Bed bugs are insects with six legs and no wings. The adults are the size and color of apple seeds and the younger ones are similar to small sesame seeds until they fill with blood. All stages, except the egg, must feed on blood in order to grow. The mouthparts are similar to the stylet of a mosquito. The good news is that bed bugs have never been shown to transmit disease. The bad news is that bed bugs may be "the disease" as they cause itchy welts that can scar. For some people infestations lead to mental health issues. People suffering with chronic bed bug infestations often become isolated from family and friends, who fear getting bed bugs themselves. The process of bed bug elimination can be overwhelming and costly, leading to fatigue, anxiety and depression. If untreated, bed bug numbers will only grow and spread. For these significant reasons bed bugs must be taken seriously starting with early detection and thorough treatment.

Signs Of Bed Bugs In The Home
Ten years ago bed bugs began to appear in the homes of people who travelled frequently. They are excellent hitchhikers. Today bed bugs are transferred among people or households in many ways. They may hitch a ride on a bag, coat, or even used furniture. Bed bugs will also actively move if they have no access to a person. Only a mated female bed bug can establish a new infestation, males and youngsters are dead ends. Once established, the first thing a person might notice is the bites. Bed bug bites vary widely from person to person. Some people do not react to bites while others have serious allergic reactions, including large red welts and sometimes blisters. Be aware of skin irritations but keep in mind that bites alone cannot be used to confirm a bed bug problem. What looks like bites can be the result of many different things, including environmental or food allergies. Another early sign of bed bugs is the dark spotty stains they leave behind. When bed bugs digest a blood meal, the excrement is either tan (plasma) or black (blood cells). It comes out as a liquid and may soak into fabric or dry on a hard surface. Spots are tiny - never bigger than the bug that made them. Bed bugs hide in crevices no wider than a credit card is thick. Stains are often found on the outside of the hiding spot. If bites or stains are discovered, inspect immediately or hire a pest management professional!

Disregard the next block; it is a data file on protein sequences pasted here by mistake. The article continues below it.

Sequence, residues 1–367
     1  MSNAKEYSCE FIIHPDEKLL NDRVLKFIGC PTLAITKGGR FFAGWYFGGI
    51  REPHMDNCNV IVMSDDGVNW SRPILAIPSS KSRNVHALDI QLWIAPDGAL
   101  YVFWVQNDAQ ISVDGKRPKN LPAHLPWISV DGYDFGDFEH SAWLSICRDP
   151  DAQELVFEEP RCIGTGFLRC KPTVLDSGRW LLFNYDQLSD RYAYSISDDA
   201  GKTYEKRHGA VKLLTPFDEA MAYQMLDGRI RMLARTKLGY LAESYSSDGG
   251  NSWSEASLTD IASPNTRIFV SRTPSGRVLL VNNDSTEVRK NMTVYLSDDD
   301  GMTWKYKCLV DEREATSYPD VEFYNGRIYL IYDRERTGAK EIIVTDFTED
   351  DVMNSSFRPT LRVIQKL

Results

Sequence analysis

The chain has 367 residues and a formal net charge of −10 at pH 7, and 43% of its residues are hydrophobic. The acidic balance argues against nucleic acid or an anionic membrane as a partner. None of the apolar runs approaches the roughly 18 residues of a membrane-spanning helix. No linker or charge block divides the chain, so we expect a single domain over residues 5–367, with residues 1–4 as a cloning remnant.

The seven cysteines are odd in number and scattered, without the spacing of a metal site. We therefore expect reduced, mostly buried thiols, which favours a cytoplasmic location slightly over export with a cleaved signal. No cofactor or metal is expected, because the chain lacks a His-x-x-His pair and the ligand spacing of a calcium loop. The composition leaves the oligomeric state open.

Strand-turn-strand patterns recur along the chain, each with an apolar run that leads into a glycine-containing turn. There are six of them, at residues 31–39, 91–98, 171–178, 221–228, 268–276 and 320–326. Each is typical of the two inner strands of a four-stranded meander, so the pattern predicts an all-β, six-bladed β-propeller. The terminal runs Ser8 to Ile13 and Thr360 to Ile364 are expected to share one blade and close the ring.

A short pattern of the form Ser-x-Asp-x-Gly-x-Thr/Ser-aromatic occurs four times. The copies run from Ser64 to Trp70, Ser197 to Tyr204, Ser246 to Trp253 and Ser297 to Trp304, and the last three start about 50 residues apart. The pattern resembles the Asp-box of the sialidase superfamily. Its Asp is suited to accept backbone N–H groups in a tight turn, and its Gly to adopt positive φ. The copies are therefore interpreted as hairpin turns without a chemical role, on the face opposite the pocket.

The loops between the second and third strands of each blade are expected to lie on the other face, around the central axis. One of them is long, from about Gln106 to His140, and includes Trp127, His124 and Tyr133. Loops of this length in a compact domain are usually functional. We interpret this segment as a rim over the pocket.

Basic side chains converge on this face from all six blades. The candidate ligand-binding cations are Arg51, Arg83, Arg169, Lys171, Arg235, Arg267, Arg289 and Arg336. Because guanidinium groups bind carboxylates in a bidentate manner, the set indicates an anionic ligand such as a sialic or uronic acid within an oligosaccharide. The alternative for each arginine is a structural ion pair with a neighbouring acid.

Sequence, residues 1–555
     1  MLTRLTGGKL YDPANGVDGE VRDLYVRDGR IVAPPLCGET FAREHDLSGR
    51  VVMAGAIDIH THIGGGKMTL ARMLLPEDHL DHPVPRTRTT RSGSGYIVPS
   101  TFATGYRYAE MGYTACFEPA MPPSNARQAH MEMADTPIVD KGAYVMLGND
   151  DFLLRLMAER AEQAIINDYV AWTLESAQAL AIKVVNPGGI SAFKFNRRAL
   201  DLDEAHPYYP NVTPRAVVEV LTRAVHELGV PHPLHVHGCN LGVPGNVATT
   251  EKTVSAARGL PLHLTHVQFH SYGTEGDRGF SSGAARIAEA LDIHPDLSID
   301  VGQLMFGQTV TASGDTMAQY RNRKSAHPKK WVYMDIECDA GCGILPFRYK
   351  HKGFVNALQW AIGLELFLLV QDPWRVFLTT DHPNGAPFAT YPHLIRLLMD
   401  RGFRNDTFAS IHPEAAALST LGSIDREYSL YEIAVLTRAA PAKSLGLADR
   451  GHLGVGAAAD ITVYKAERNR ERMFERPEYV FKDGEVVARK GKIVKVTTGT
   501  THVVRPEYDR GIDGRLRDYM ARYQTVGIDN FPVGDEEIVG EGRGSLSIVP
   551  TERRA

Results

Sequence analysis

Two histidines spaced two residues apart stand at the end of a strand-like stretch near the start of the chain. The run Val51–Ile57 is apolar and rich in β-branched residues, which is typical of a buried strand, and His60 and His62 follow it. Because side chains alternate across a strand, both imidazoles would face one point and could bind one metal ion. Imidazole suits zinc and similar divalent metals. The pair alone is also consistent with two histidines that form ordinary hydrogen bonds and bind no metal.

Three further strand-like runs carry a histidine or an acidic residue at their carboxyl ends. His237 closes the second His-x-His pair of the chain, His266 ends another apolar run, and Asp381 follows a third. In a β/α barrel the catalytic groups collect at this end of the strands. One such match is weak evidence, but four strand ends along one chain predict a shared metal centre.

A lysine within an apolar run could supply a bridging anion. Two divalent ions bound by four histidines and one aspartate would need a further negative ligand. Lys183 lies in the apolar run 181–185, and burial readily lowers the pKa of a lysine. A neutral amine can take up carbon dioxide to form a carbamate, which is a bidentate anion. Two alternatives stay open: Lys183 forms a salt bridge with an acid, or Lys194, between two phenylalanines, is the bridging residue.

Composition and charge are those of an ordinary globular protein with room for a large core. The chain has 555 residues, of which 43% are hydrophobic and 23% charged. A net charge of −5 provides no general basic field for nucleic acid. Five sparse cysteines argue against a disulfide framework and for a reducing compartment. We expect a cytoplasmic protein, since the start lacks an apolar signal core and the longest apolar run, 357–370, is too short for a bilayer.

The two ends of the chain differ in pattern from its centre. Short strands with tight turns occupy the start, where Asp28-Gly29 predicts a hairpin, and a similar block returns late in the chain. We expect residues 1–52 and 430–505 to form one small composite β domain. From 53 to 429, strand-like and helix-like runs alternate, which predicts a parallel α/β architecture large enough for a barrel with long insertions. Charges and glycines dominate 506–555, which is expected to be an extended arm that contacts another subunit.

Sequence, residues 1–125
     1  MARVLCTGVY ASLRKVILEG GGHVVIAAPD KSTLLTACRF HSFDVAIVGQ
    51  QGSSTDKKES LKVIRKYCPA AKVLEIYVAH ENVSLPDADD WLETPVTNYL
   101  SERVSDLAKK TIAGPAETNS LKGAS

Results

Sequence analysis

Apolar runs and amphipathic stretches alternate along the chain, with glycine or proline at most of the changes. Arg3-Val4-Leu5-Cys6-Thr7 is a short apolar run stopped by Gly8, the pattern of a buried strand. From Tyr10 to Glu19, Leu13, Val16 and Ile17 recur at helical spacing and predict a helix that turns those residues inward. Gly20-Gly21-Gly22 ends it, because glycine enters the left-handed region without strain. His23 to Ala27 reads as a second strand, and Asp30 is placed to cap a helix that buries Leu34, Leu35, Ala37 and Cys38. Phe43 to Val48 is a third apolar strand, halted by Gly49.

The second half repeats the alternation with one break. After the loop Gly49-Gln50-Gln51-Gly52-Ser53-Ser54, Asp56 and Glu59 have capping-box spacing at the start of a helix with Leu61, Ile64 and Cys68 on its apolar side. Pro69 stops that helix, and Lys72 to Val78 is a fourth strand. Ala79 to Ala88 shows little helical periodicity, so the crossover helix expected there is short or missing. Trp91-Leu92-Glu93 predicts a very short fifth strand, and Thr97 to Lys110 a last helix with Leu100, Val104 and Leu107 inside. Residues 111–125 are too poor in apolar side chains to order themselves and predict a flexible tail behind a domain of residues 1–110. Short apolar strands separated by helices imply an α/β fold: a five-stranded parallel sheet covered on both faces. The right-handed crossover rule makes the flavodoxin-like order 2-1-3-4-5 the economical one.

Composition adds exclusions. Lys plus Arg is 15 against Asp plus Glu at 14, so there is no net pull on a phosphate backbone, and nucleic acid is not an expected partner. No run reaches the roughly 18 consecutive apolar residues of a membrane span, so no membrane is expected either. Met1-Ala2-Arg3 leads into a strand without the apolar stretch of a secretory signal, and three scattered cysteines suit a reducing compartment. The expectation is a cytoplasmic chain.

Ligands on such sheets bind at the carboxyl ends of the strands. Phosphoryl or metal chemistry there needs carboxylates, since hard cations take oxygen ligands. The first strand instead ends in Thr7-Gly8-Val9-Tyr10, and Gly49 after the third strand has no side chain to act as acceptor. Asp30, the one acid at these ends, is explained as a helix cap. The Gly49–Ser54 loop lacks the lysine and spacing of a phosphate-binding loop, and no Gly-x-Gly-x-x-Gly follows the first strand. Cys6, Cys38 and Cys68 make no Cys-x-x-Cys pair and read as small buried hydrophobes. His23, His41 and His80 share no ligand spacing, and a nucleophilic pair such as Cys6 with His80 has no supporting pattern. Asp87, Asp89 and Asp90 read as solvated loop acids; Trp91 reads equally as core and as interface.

The inspection process is complex, yet logical. Begin inspection where people sleep. On a bed, remove linens carefully while inspecting them. Check every fold and cranny on the mattress, box spring and bed frame. Look between the mattress and box spring and where the box spring sits on the frame. Consider couches and chairs where people may nap. Look in every fold, under every cushion and underneath the furniture. At low levels, bed bugs can be challenging to find. If nothing can be found there are two options: wait and see, or hire a professional.


Getting Rid Of Bed Bugs